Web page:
Zimbabwe’s Man-Made Disaster

Politics, Health, and People

At the height of Zimbabwe’s ongoing health crisis in December 2008, President Mugabe proclaimed, “There is no more cholera!” The aging despot’s fantastic declaration belies the stark reality that Zimbabwe has collapsed under the weight of a man-made disaster. Robert Gabriel Mugabe, who has ruled this country of 12 million people since 1980, may be delusional, but remains defiantly in power. Only a few months ago he swore: “I will never, never, never surrender. Zimbabwe is mine.”

Certainly there can be no lasting solution to Zimbabwe’s health crisis without a satisfactory resolution to the political crisis. But will Zimbabwe resurrect itself only after the octogenarian leader dies, as Spain did after Francisco Franco or Cambodia after Pol Pot? Or can the fledgling coalition government of Robert Mugabe’s Zimbabwe African National Union Patriotic Front (ZANU-PF) and Morgan Tsvangirai’s Movement for Democratic Change (MDC) succeed – against seemingly insurmountable odds – in restoring hope and prosperity to Africa’s once-thriving breadbasket?

They have their work cut out. The collapse of Zimbabwe’s economy and health system is unprecedented in scale and scope. Zimbabwe has over 90% unemployment as well as the world’s highest inflation – an unfathomable ninety sextillion percent. All public-sector hospitals have been shuttered since November 2008. The nutritional and health status of Zimbabwe’s people has acutely worsened this past year due to epidemics of cholera, HIV/AIDS, and tuberculosis. Zimbabwe now has one of the world’s lowest life expectancies at 36 years. High maternal mortality and severe malnutrition augment the daily death toll.

Heedless of the concern world leaders have expressed for the people of Zimbabwe, the Mugabe regime has derailed international efforts to assist: he has politicized humanitarian aid, detained journalists, tortured human rights activists, and even blocked Kofi Annan, Jimmy Carter, and Graça Machel from their humanitarian mission.

As part of a Physicians for Human Rights investigation, I led a team that managed to enter the country and transparently conducted an emergency health assessment in December 2008. Nevertheless, the Government planned and falsely reported our arrest after we had escaped. These actions are a desperate attempt to conceal how Mugabe’s malignant policies have led to the destruction of infrastructure, widespread disease, torture, death and the abysmal state of his people.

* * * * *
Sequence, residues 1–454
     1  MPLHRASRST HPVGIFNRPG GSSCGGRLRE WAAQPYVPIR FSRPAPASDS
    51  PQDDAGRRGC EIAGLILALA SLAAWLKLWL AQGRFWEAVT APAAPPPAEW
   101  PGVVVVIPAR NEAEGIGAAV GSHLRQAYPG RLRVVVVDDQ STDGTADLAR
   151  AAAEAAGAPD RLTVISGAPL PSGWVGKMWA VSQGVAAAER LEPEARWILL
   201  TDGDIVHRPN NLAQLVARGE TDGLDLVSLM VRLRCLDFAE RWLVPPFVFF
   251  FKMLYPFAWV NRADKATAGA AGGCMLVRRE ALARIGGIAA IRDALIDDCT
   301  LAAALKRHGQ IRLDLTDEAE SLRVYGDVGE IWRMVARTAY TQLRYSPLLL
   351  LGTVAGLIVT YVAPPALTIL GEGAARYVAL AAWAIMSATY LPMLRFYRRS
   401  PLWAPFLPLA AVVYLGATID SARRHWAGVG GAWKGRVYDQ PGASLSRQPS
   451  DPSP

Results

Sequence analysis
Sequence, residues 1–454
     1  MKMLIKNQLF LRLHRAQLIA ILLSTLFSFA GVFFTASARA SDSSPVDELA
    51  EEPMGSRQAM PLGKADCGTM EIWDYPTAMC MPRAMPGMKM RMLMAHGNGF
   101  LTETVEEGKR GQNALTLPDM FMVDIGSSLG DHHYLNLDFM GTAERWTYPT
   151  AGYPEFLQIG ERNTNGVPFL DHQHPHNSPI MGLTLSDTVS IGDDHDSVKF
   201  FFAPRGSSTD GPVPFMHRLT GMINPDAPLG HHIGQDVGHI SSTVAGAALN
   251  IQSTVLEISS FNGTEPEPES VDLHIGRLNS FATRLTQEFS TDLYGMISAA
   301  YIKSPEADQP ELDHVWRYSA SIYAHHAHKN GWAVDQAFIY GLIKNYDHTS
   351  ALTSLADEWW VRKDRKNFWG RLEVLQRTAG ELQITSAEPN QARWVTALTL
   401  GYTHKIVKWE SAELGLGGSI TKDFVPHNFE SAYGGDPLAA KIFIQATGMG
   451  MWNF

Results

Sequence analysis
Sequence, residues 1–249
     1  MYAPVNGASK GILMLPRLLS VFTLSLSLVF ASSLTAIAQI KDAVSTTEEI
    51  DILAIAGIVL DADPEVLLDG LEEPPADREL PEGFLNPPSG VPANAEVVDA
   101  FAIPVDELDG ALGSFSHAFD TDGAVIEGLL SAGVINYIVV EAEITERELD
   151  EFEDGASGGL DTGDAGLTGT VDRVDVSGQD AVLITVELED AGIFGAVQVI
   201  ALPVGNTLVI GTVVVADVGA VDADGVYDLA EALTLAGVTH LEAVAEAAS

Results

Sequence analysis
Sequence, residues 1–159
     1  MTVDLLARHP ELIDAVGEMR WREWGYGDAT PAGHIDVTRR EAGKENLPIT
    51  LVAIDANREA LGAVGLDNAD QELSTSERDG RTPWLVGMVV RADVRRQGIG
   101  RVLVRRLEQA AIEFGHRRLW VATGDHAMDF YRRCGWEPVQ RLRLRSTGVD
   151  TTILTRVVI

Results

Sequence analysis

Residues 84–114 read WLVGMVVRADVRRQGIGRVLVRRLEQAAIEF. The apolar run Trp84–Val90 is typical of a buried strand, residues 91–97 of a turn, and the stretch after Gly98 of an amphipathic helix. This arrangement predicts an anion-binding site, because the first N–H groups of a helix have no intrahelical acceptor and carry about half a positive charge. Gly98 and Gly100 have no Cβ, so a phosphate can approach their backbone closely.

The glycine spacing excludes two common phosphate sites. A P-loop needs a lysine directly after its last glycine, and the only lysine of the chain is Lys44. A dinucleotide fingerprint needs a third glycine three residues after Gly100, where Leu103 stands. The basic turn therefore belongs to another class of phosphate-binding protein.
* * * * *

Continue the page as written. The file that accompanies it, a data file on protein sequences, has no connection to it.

This article traces the antecedents to the current health crisis and the unprecedented national regression that occurs when a government reverses its population’s access to food, clean water, sanitation and healthcare. It concludes with a prescription for redress.

Mugabe’s rise to power

Cecil Rhodes, the eponymous colonizer of Rhodesia, obtained mining rights in 1888 from King Lobengula of the Ndebele people indigenous to present Zimbabwe. With this concession, Rhodes convinced the British government to grant him a royal charter over Matabeleland, home of the Ndebele, which precipitated an influx of European settlers to the region. The settlers eventually displaced the Ndebele onto less favorable lands. In 1923 Southern Rhodesia (now Zimbabwe) became a self-governing British colony, only to be consolidated with Northern Rhodesia (Zambia), and Nyasaland (Malawi) thirty years later. Growing African nationalism and dissent compelled Britain to dissolve the union in 1963, thus forming three separate colonies.

Ian Smith, the leader of the white-minority government of Southern Rhodesia, promulgated a Unilateral Declaration of Independence from the United Kingdom in 1965 and declared Rhodesia a republic in 1970; only the neighboring apartheid government of South Africa recognized Smith’s regime. Civil war ensued over the next decade. With his regime in near ruin, Smith signed an accord with Robert Mugabe and other revolutionary leaders ending civil war in 1978. The following year Great Britain convened a constitutional conference with the Smith government and with Mugabe and the other opposition leaders. The delegates signed the resultant Lancaster House Agreement in December 1979 paving the way to independence. The British subsequently oversaw the disarming of revolutionary forces and Zimbabwe’s first democratic elections in 1980. Zimbabwe African National Union (ZANU) won a landslide victory, and its leader, Robert Mugabe, became the country’s first Prime Minister.